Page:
Can you imagine what your 1/2 acre lawn would look like with 80,000 people per year walking through it or stopping to lay out a blanket for a picnic and some sun? With that dense foot traffic, your soil would be compacted and cracked like the Liberty Bell!
This is what many popular public landscapes, such as the Independence National Historic Park (INHP) in Philadelphia, PA, endure every year. As you can imagine, it is a huge challenge to maintain healthy turf, as there is no down-time for rest and recovery to properly address the damage and stress created from the heavy use. Most often maintenance treatments like weed killer, grass seed and fertilizer are applied in an ever losing battle to just keep turf alive. We call this the “life support approach”, feeding the plant from the “top down” where one is just buying time until inevitably a major renovation is required. This is when Laurel Valley Soils gets the chance to address the landscape properly from the “bottom up” and fix the soil profile by amending it with compost. Whereas healthy soil equals healthy turf, this approach is more like curing a disease vs just treating the symptoms.
Independence National Historic Park, located in the heart of Center City Philadelphia, is a 15.5 acre park which famously houses the Liberty Bell and attracts approximately 5 million visitors per year. As the birthplace of our nation, it is imperative for the INHP grounds to be beautiful and welcoming to the people who travel there from all around the world.
Brightview, the largest landscape contractor in North America, has been providing the ongoing maintenance for INHP. Last year, they reached out to the National Parks Service with a very bold proposal. Knowing that the maintenance they were performing on a limited budget was not providing the results the landscape deserved, they proposed doing a full “bottom up” renovation and offered to provide this service pro-bono.
Of course the Parks Service said yes! Brightview then approached their network of suppliers to join them in donating products and services for this project. When Laurel Valley Soils got the call from Brightview’s Scott Chambers, INHP Project Manager, to invite us to be part of such an important project, we were thrilled and happily donated several loads of compost.
Brightview got right to work removing the stressed turf and extra soil. Then they brought in 100 yards of LVS Premium Compost and tilled that into the remaining onsite soil. This both aerated the soil to relieve compaction and increased the organic matter content at the same time. Then they installed a new irrigation system and laid sod after the final grading.
Healthy soils have a well-balanced structural matrix with organic matter providing the glue that creates good aggregation. Well aggregated soils provide pore space for oxygen, biology and drainage. Good aggregation also improves the ability to resist erosion and compaction, while increasing the ability to store water and nutrients and promote deep penetrating root growth.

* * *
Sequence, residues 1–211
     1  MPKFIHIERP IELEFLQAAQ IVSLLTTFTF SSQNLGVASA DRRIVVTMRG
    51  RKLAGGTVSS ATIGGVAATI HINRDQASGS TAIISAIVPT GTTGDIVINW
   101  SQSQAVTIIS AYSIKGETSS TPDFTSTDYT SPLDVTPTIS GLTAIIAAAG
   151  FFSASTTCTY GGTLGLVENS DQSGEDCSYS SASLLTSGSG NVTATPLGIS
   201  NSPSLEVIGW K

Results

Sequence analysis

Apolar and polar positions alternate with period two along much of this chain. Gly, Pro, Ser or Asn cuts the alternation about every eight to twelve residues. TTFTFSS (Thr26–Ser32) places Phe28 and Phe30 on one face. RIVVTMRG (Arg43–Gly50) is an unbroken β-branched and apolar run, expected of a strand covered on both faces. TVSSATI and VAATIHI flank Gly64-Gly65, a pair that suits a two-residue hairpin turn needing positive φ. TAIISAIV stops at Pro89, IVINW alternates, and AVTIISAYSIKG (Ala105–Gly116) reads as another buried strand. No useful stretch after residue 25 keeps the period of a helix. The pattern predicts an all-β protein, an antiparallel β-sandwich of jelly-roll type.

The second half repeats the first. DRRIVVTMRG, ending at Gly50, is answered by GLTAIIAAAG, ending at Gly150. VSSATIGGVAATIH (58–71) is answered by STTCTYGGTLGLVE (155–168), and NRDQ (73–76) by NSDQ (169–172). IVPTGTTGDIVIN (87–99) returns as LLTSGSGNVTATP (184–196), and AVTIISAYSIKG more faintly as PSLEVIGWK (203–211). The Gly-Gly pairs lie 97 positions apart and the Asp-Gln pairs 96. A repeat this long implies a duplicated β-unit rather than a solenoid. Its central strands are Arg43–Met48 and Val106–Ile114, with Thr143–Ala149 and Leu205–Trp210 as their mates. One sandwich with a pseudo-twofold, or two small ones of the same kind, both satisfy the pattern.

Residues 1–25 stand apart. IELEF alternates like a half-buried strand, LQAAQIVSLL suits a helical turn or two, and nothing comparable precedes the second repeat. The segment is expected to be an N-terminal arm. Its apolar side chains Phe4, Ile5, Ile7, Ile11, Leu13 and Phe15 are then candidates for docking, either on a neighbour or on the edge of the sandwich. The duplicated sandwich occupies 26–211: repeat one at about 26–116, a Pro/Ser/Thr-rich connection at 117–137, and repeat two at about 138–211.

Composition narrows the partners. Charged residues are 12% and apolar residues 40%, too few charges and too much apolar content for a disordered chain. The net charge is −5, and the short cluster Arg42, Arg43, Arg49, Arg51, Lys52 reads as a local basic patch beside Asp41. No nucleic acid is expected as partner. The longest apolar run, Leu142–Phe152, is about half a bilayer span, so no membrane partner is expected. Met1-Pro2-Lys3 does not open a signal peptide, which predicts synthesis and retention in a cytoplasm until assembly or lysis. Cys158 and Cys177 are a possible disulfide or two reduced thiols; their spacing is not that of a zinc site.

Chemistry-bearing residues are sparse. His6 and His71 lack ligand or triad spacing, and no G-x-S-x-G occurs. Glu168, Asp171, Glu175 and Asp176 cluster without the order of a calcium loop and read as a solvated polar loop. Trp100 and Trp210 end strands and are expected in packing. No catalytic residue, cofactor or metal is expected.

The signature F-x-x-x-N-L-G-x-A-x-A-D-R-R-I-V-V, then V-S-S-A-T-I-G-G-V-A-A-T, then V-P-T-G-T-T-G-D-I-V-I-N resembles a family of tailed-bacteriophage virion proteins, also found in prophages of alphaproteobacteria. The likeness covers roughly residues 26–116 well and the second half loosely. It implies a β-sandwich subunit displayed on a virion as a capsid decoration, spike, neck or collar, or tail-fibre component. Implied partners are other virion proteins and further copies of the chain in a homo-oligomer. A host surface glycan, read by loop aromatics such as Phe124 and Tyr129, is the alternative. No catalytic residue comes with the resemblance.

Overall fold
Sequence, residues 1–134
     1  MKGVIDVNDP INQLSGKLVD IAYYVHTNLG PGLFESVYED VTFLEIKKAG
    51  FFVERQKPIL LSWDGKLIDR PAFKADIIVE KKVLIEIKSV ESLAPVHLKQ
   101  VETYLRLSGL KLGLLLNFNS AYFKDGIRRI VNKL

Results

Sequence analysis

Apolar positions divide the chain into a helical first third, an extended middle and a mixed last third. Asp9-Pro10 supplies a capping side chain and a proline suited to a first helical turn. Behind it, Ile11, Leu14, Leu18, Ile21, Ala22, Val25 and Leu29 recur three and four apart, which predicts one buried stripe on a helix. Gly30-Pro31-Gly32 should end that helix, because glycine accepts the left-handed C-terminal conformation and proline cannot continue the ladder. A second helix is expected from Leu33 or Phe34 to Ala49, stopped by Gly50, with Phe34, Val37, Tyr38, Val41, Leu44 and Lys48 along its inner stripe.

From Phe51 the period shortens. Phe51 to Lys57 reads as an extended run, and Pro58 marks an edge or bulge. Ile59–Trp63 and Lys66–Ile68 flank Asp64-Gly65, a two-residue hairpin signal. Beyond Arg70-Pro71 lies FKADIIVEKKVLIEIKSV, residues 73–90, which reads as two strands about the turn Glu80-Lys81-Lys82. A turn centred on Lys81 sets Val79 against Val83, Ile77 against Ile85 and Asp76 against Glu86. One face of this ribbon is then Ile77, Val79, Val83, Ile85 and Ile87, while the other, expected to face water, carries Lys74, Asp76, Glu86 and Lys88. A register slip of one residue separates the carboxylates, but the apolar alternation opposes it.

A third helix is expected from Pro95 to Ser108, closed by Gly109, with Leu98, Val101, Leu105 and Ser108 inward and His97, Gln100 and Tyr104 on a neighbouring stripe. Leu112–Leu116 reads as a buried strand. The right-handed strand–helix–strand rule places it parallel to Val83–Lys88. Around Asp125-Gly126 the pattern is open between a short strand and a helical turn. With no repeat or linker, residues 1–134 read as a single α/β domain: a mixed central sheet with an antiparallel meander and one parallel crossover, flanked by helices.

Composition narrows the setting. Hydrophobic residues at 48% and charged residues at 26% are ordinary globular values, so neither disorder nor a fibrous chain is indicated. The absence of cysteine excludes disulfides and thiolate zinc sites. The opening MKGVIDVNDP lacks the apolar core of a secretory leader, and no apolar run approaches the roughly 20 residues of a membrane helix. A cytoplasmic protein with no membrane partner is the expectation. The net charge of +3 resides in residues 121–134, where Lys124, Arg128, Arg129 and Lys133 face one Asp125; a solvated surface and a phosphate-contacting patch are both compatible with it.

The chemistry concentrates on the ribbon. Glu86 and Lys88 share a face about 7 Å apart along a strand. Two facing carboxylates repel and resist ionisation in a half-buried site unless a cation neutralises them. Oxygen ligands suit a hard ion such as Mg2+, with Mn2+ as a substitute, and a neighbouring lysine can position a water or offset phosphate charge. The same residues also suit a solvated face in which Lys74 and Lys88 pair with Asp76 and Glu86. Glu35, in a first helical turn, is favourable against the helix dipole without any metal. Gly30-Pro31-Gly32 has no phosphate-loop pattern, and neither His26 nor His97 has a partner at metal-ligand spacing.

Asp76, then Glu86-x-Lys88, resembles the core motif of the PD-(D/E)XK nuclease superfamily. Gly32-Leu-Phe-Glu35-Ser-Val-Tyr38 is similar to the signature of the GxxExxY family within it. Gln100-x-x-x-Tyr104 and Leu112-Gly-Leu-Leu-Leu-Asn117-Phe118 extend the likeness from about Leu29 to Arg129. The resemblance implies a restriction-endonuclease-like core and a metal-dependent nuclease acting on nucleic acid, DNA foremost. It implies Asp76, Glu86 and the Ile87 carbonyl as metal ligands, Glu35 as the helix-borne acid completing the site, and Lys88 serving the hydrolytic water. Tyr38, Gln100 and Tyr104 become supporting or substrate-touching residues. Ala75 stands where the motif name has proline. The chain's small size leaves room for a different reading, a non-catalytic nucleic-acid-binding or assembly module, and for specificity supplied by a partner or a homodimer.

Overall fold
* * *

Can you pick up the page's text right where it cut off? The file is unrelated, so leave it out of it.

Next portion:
Soil’s macro pores should have a ratio of 60% water and 40% oxygen. We all know that plants need water to survive. But just as importantly, oxygen is required for root systems and soil microbes to be able to breathe. The organic matter supplied from the compost helps aggregate the finest soil particles such as silt and clay into larger soil particles called “soil peds”. These soil peds are what build a good structural matrix that provide pore space/aggregation. A helpful visual is to think of a jar of marbles. The marbles will have void spaces between them. Even when pressure is applied on these marbles, the matrix resists compaction maintaining the voids. Poorly aggregated soils that lack pore space will see compaction quickly set in and the water to oxygen balance break down. Dense compacted soils will quickly flip flop from being water logged to being dried out. Additional, equally important benefits provided by compost are slow release micro and macro nutrients that will continue to feed plants for years after only one application. These nutrients are organic based and safe for our children, pets and environment. And let’s not forget the biology which compost provides to the soil. Think of healthy soil biology as a natural immune system for soil that helps it fight off turf and plant disease.
During the dedication ceremony and official reopening of Independence Hall National Historic Park, we asked Scott Chambers what his biggest challenge was with this project. Without missing a beat, he exclaimed “Mowing it! We’ve had to mow three times already this week!” Now that’s a challenge we think anyone would be happy to accept!
Watch a video of the project below: